Property groups such as Jones Lang LaSalle are putting more focus on sourcing investment opportunities for Asia's rich, as these clients show increased interest in real estate globally.

In December, the US firm set up its first dedicated private-client desk in Singapore, and it aims to replicate the model in Europe in the next 12 months. And sources say other real estate companies are making similar moves.

“We have decided to put more structure around and emphasis on high-net-worth clients as a group,” says Alistair Meadows, Asia head of the international capital group in Singapore.

As part of that initiative Jones Lang LaSalle is forming alliances with private banks to source property investments globally. Wealth managers are themselves putting more emphasis on real estate, having previously done so on an ad hoc basis, says Singapore-based Meadows.

There’s been a “re-emphasis on real estate investment” in the past couple of quarters, says Mykolas Rambus, Singapore-based CEO of Wealth-X, which provides intelligence on the ultra-high-net-worth segment.

Many families and individuals had already done well out of property and expanded into trading and natural resources, he notes, but recently they have been looking to return to bricks and mortar.

Jones Lang LaSalle’s private-client team is five-strong and covers research and client marketing, says Meadows. It is putting out monthly research, with its first publication drawing a correlation between HNW investment into real estate in global cities with universities that have a high proportion of Asian students.

The company pinpointed 10 such cities globally and researched what property is available in those places, and for how much in dollar terms.

Globally family offices and HNWIs are raising their allocations to real estate, says Meadows, with London a popular destination in recent years.

In 2011, of the £10.7 billion ($17 billion) of commercial real estate transactions in central London, 60% were undertaken by foreign buyers, he adds, including a growing proportion on HNW investors.

Paris is another key market in Europe, while in the US interest levels are high in key east- and west-coast cities such as Boston, Los Angeles, New York and San Francisco.

There are various factors behind this interest, with a structural shift in wealth from west to east, as well as a more global outlook among investors in the region.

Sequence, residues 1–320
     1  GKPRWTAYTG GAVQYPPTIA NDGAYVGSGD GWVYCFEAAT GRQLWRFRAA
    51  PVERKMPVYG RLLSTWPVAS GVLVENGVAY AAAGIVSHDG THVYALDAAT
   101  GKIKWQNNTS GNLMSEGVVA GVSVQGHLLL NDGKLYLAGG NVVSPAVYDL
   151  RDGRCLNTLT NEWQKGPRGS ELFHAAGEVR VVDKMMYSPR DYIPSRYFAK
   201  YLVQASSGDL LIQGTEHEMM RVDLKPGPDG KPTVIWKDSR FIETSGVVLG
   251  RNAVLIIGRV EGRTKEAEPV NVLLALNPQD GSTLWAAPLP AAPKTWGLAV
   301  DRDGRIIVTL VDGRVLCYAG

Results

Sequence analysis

Traditional sources of HNW capital have been places such as Hong Kong and Singapore, but increasingly it is flowing from China, Indonesia and Malaysia.

Institutional demand for global real estate has also risen in recent years. The momentum created by, for example, Malaysian pension funds such as EPF, KWAP and PNB, into such investment has encouraged private capital to make similar moves.

Typically these investors are buying buildings outright – taking 100% interest in freehold office investment property with long-term leases in place. But another trend is for Asian investors to seek a local developer as a strategic partner with which they can build residential property from which to extract robust ongoing returns.

Jones Lang LaSalle facilitated such a deal early this year for Amcorp, part of Malaysia’s AmBank group. The latter co-invested alongside London-based residential developer Native Land and Grosvenor into a residential development called Neo-Bankside on London's South Bank.

The demand is strong from the development side as well, since debt finance from banks is still expensive and tough to secure, notes Meadows. Hence Asian investors are bridging the funding gap for residential development, and having a partner is a good strategy, as they are unlikely to want to set up their own team in, say, London.

Meanwhile, there is also interest from European and US institutional investors in Asian real estate, but less so from private clients in those markets, he notes, "in part because they find Asia challenging from a direct real estate investment point of view – and find it tough competing with local players”.